As with most things in life, you’re often better off not knowing what you’re really getting into prior to embarking on a new endeavour. This was definitely the case when we decided to get the CMG ZX-7 project bike up to snuff and ‘competitive’ for the VRRA Mosport Endurance Race earlier this year.
Still slightly bleary-eyed, the CMG “B” team made up of Ronn Moffatt, Editor ‘arris and myself converged at Mosport for the annual VRRA Endurance Race at the ungodly hour of 7:30am. As per usual, everything had come together at the last minute.
After a really stressful, but very successful weekend at Le Circuit Mont Tremblant, I was quite looking forward to this final, low-pressure weekend at Shannonville, Ontario. For those of you who haven’t been following my updates, I was coming to the final round of the 2004 Diablo SV Cup with the Championship already in the bag.
Motivation can come from the strangest places. After winning the shortened round 3 at Mosport (see previous article) and reading some of the posts on internet forums, I got a distinct feeling that some people didn’t think I “deserved” the win, and that the fastest SV racer was not the one leading the championship.
Team CMG’s Pascal Anctil managed to pull off a respectable seventh place in the first round of the Diablo SV Cup at Shannonville in May. But seventh just isn’t very CMG. You gotta either win, almost win, or come dead last (preferably after a spectacular crash requiring a long stay in the local hospital). With this in mind, our intrepid and fool-hardy racer packed up his cowboy hat, steak knife and ill-fitting leathers, and headed west to Calgary.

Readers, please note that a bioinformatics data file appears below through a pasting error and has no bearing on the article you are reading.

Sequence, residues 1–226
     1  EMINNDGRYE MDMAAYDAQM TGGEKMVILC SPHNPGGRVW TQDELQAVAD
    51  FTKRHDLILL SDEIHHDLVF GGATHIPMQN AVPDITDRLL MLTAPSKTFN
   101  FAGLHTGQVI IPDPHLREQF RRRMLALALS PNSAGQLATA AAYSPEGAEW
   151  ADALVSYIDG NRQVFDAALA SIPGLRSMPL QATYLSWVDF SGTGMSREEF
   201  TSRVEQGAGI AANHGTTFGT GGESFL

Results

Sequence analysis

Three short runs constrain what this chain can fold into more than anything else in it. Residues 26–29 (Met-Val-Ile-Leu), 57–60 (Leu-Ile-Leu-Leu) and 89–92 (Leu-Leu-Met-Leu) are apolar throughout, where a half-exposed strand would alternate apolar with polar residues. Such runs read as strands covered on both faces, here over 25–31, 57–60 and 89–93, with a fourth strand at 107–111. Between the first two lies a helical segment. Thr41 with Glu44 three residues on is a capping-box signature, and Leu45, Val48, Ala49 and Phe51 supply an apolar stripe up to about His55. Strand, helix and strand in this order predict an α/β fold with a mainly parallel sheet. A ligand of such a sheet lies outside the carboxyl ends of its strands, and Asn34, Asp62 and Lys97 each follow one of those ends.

So here I am on the starting line in pouring rain, wondering what the heck I’m doing on Michelin S2 drys when everyone else seems to be on full wets. Hmhh, I think I should have bought that second set of rims, but it’s too late now.
With that AA-style confession off my chest, I’ll also admit that knowing Team CMG’s storied racing legacy of wrecked bikes, multiple fractures and last place finishes left me a little, uh … wary. To make matters worse, race organizers and promoters—Supermoto Canada—had rescheduled the Fort Erie round from mid June—when I had originally planned to do it—to mid August, leaving me an extra two months to stew.
For those of us completely enamoured with going fast on race replicas, the first time you get your knee down is a big moment. Having used up many a slider and viciously attacked my poor BWM’s heads on various racetracks (see Canadian Thunder Diaries), my fantasy was now directed at trying something completely different.
Long-term CMG readers probably thought they’d seen the last of Mr.Seck on a track after an ill-fated racing attempt on a BMW R1100S in 2001. My spectacular St. Eustache crash resulted in what was initially thought to be a cracked rib and a sprained hip.
The older you get, the faster you were: a pretty common joke among members of the racing group known as the Vintage Road Racing Association, or VRRA. Not always true, though, as anyone racing with the VRRA crowd for the first time will quickly learn. Just because you have a few years’ experience doesn’t mean you’re slowing down any.